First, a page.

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India-Russia Partnership (6 April 2021)

India-Russia Partnership (6 April 2021)

Context:

  • Russian Foreign Minister Sergey Lavrov is in New Delhi on a two-day visit to India and held delegation level talks with his Indian counterpart.

Background:

  • In the years after its independence, India gained industrially from the USSR which provided a base for its future growth.

  • Starting in the 1950s, India received from the Soviet Union generous assistance for its industrialization.

  • A cordial relationship with India that began in the 1950s represented the most successful of the Soviet attempts to foster closer relations with Third World countries.

  • The relationship improved with a visit by Indian Prime Minister Jawaharlal Nehru to the Soviet Union in June 1955 and Khrushchev’s return trip to India in the fall of 1955.

  • In India, Khrushchev announced that the Soviet Union supported Indian sovereignty over the disputed territory of the Kashmir region and over Portuguese coastal enclaves such as Goa.

  • During the Cold War, India and the Soviet Union (USSR) had a strong strategic, military, economic and diplomatic relationship.

Summary of the Debate

Key takeaways:

  • The COVID pandemic has gone nowhere, there are second waves not only in India but around the world and during this period Mr. Lavrov come to India signifies that it is a testimony to the importance that Russia attaches to the India-Russia partnership and relationship.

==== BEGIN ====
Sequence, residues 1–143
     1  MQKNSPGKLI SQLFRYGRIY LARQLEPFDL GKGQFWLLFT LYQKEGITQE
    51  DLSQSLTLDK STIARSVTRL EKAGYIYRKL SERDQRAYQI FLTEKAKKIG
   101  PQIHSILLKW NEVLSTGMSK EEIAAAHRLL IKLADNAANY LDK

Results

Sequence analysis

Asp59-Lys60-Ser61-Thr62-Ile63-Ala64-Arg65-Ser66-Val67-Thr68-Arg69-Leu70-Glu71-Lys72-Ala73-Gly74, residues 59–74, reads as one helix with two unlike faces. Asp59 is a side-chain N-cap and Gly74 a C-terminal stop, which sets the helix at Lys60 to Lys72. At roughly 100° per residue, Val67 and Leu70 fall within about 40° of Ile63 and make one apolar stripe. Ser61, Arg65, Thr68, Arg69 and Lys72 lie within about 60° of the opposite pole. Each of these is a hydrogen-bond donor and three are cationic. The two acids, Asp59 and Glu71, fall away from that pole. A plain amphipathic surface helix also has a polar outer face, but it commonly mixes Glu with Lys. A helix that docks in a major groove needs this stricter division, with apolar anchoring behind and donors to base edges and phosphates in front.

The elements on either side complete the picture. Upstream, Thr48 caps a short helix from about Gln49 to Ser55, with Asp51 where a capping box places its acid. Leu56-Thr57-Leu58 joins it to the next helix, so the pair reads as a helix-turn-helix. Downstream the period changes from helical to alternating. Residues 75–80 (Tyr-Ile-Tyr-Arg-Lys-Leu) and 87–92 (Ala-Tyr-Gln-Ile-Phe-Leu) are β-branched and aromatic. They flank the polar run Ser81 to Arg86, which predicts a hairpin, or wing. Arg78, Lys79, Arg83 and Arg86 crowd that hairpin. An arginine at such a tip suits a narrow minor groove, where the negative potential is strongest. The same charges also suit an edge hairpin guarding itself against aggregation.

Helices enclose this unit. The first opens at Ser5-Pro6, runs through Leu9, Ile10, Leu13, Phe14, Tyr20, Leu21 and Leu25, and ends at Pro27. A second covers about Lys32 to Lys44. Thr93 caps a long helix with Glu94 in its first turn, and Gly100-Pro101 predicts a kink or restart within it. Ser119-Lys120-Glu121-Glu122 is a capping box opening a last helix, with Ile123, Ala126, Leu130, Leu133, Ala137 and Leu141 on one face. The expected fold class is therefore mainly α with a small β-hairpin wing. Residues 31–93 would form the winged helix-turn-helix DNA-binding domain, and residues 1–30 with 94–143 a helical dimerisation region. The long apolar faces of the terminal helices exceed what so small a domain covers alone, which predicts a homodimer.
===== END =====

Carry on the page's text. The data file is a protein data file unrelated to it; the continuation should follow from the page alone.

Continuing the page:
• This is the 10th anniversary of the Special and Privileged Strategic Partnership. We signed the Strategic Partnership in 2000 and this was upgraded to Special and Privileged Strategic Partnership and that itself is a milestone.

  • Mr. Lavrov said that whatever fluctuations and changes have taken place in the world, they have not affected the strength and the depth of this relationship.

  • This was an opportunity to reaffirm the very strong ties the two countries have.

  • As far as India is concerned our relations with Russia are a key pillar of our foreign policy and this was mentioned by Mr. Jaishankar in his opening remarks.

  • He went through all the issues that were discussed whether it is furthering nuclear, space, defense partnership even as far as the economic partnership is concerned, going even to the connectivity projects both in terms of the International North-South Transport Corridor, also the Vladivostok-Chennai Maritime Corridor (VCMC).

  • Mr. Lavrov in his remarks mentioned about India's participation not only in the Russian far east but also as far as the Arctic is concerned.

  • He sought to give out the message that the positions of India and Russia are similar as far as Afghanistan is concerned because both of them want an independent, a prosperous, a sovereign and a democratic Afghanistan going forward.

Bilateral relation between India and Russia:

Politics:

  • United Nations Security Council (UNSC): Russia strongly supports India receiving a permanent seat on the UNSC.

  • Nuclear Suppliers Group (NSG): Russia has been a long standing supporter of India’s membership of the NSG.

Trade:

  • In 2019, total bilateral trade between the two countries from January-September, 2019 stood at $ 7.55 billion.

Defence:

  • Russia continues to be one of India’s largest defence partner.

  • In October 2018, India had signed $ 5 billion deal with Russia to buy 5 units of the S-400 air defence missile systems.